Tuesday, February 6, 2007

Visit to Nigeria

We spent the week in Lagos last week…

What a country! I thought Abidjan was full of contrasts – mostly due to the disparity between the French neo-colonialists and the poor masses, with a good dose of modern corrupt tribal African politics… Nigeria has managed to take this to a whole different level.

We actually went to the Opera at the Yacht Club on Saturday night. In Lagos! Imagine a subculture of Expats functioning within a country of over 120 million people where poverty, pollution and corruption abound. These people take their drivers through the insane city streets, arriving at selected destinations that include an American run Mexican restaurant, (serving pitchers of Margheritas at over USD $40 each!), the famous Yacht club, a variety of shopping malls and supermarkets, Thai and Sushi restaurants, steak houses, tennis clubs, hotels etc etc… There are book clubs and International school PTA events and other activities to keep a kept Expat wife busy between her trips abroad. And all this in the midst of a nation ridden with corruption and violence and near complete upheaval. And the elections are right around the corner – due to take place in April. But of course all the Expats will be on vacation during those few weeks. The outcome is completely unknown, but the stakes are high.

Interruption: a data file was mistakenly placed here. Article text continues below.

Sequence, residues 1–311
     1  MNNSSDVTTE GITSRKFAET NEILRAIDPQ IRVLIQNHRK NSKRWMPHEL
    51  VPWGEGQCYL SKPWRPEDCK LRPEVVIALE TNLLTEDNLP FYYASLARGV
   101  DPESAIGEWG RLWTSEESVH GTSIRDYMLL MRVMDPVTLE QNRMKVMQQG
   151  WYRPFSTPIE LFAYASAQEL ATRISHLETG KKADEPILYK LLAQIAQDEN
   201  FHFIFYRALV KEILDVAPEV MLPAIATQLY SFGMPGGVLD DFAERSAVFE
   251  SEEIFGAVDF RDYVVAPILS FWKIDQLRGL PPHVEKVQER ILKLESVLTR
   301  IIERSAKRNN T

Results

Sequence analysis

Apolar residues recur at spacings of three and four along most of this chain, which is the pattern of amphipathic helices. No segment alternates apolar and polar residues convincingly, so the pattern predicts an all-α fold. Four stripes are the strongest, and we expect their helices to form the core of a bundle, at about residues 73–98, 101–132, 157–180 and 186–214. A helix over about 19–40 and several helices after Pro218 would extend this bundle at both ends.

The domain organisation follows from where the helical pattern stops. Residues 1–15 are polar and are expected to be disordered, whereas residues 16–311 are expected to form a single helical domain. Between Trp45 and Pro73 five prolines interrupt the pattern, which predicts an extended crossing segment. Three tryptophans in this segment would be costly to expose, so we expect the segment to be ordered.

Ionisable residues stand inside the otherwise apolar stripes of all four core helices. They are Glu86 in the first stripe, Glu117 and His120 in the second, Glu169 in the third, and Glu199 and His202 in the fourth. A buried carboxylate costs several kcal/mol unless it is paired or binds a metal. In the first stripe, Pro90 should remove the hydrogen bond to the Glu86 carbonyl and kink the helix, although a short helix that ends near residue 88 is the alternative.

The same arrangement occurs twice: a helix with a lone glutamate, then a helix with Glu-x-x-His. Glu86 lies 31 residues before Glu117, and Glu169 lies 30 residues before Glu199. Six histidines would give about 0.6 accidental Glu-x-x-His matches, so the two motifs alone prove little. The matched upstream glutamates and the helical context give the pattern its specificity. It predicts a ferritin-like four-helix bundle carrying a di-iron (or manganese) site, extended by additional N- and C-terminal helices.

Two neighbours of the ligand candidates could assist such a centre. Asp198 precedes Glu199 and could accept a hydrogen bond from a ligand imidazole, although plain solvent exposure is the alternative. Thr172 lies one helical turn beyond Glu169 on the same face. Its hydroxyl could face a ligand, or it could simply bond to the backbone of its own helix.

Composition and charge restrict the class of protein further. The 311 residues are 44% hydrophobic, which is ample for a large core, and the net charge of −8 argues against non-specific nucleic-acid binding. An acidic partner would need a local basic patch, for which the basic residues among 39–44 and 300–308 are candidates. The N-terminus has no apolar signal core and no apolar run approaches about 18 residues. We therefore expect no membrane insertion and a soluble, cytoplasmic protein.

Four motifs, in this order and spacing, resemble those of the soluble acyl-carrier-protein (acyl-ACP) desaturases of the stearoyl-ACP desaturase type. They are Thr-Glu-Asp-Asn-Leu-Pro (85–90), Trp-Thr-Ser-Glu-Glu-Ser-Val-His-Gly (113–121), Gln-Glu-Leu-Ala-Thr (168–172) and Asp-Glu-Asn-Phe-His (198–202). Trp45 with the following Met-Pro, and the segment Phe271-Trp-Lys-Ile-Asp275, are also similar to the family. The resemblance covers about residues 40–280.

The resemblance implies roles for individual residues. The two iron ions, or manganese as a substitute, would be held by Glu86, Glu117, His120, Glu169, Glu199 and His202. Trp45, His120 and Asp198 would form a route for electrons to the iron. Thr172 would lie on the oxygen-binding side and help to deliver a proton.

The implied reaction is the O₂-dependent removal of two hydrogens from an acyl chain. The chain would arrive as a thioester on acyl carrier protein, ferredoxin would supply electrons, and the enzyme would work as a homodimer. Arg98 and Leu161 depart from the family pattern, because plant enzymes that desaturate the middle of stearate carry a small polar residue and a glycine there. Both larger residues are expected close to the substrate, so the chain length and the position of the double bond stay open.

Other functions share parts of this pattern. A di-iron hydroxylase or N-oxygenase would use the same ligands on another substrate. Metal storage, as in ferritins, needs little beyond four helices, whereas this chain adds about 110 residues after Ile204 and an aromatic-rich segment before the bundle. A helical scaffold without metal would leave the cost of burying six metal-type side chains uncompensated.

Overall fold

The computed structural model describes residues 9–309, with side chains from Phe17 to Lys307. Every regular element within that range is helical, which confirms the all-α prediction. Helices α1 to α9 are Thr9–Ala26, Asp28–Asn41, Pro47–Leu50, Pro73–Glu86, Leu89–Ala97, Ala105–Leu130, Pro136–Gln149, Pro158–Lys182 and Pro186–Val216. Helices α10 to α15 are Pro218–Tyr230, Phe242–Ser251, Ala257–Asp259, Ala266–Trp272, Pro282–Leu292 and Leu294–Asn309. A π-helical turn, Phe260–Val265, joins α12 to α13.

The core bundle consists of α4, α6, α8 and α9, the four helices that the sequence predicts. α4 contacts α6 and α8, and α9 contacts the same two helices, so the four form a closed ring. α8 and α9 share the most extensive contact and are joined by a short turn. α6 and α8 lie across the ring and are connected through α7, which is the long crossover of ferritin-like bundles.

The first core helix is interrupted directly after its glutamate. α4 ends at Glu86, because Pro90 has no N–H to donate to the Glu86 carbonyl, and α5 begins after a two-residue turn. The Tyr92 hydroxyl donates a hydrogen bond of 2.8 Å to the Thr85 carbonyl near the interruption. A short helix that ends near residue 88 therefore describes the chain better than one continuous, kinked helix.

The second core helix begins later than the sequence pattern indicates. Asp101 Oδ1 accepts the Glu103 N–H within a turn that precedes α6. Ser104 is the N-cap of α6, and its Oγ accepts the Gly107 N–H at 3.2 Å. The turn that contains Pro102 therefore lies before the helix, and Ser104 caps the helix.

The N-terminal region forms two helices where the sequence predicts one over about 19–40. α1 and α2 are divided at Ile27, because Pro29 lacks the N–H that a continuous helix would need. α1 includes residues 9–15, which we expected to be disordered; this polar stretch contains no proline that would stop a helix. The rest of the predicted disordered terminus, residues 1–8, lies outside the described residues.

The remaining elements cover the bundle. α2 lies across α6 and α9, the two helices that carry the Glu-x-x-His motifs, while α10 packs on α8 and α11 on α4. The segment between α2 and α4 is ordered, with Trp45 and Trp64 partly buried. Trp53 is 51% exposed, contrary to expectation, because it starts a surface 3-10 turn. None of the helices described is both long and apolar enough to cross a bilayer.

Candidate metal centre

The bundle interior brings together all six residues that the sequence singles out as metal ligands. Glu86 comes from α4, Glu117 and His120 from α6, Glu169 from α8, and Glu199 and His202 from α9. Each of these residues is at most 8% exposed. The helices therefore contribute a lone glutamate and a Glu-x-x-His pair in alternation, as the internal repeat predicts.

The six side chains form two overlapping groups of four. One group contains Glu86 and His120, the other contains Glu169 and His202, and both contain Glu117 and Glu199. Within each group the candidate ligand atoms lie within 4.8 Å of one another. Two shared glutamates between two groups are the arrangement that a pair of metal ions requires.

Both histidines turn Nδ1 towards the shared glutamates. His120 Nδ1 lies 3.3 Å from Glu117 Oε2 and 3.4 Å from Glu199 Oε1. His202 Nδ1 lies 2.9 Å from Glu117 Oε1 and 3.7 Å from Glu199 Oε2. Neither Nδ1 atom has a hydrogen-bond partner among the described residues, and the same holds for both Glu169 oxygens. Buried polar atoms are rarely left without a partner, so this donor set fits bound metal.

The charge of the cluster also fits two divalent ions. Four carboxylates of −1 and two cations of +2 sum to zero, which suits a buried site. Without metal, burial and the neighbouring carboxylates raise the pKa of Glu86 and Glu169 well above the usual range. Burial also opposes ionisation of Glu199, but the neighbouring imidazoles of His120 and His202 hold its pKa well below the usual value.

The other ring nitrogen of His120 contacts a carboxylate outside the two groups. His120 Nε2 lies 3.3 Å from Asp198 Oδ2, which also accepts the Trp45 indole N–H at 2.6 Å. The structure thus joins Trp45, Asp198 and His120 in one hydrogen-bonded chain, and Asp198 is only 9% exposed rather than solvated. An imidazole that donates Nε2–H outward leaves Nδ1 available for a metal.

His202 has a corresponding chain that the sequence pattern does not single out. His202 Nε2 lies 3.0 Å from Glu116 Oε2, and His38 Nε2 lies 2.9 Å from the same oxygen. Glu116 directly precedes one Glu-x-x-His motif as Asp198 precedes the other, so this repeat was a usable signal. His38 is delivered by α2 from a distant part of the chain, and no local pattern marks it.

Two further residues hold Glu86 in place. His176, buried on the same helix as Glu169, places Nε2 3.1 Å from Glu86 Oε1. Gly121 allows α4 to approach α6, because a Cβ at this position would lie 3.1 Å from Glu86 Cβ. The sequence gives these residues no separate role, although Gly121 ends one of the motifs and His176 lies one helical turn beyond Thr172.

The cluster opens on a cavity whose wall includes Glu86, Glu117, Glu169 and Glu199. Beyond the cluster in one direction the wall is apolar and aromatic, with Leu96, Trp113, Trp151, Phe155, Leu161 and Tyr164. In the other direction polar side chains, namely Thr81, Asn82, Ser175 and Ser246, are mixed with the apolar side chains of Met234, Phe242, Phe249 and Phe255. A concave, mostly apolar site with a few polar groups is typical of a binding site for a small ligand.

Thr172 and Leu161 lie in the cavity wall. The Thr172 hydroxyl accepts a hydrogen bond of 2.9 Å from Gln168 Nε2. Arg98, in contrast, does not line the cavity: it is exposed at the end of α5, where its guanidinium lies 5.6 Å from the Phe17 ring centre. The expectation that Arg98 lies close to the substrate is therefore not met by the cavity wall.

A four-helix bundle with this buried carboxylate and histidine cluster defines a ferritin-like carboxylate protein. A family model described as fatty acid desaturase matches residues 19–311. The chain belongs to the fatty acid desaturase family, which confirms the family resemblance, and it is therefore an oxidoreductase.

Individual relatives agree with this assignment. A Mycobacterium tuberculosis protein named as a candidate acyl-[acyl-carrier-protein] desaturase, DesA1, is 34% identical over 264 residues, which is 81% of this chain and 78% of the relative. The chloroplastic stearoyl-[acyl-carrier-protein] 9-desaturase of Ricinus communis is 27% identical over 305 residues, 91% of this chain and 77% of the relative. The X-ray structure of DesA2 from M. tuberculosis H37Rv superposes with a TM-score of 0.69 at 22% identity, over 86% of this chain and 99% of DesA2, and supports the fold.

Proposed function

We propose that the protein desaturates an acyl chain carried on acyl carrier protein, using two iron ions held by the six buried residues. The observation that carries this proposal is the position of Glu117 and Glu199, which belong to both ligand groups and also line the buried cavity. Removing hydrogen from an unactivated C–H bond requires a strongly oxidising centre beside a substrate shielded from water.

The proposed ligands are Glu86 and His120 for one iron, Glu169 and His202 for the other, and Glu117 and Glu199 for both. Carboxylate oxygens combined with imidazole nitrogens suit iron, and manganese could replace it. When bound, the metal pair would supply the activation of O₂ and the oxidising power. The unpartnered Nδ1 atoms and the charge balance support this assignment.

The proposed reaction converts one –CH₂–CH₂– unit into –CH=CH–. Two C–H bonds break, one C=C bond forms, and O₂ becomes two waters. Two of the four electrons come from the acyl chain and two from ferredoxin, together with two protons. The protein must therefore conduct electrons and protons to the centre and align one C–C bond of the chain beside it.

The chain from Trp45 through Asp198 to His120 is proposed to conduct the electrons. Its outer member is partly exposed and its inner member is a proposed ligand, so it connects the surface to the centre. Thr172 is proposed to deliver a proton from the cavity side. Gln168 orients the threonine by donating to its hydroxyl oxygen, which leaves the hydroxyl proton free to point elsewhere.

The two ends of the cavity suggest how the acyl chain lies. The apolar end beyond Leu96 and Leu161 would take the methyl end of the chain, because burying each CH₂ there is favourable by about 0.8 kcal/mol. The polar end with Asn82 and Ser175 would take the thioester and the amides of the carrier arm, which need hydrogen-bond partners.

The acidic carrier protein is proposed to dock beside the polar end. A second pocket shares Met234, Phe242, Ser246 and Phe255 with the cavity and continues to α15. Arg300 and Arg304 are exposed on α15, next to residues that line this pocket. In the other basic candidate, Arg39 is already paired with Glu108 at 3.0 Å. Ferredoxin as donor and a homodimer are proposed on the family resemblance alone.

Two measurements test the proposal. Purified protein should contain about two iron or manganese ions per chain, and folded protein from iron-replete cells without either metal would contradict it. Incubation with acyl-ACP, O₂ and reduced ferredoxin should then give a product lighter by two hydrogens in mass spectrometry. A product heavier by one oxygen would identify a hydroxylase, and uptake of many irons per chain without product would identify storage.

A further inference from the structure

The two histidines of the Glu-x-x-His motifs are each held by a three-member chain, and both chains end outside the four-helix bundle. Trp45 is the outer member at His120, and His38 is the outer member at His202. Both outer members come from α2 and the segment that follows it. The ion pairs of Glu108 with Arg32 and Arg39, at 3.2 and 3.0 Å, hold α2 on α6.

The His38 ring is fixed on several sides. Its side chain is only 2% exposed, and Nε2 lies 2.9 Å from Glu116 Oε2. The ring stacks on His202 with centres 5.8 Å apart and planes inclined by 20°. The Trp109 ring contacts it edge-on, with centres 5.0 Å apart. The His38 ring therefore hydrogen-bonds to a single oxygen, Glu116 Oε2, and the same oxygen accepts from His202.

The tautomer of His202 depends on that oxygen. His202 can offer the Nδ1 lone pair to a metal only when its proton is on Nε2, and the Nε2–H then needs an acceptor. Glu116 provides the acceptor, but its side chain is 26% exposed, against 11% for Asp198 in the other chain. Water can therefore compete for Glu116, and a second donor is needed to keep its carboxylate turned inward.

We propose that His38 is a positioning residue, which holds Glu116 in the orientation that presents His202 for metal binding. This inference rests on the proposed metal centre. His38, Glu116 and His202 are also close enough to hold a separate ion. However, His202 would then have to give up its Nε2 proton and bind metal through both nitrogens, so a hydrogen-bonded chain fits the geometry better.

Considering Nigeria is about the 6th largest oil producer in the world, the revenue that comes into the country on a daily basis is massive. The government controls and squanders unaccountable amounts of this. $600billion over the past half a decade at least. Being in power basically means access to billions, and some are willing and ready to kill for that position. It puts a whole new slant on democracy and the concept of free and fair elections!

Kidnappings of Expat oilworkers is at about 5 a week over the past couple of months, as local villages are suffering the effects of the oil plants, with no tangible benefit. Meanwhile the percentages paid by these companies to the governments disappear as soon as they are received. The result is a corrupt government turning a blind eye and the villagers seeing the white devil in close proximity. The laws are weak and the enforcement is non-existent. The boys are poor and desperate and the outcome is

disastrous.

This being said, we all manage to eek out our slice of the swirling money pie that hovers around the top circles in Nigeria, and business survives.. in a very Darwinian fashion!

See more of these amazing pictures in the Vanity Fair article.

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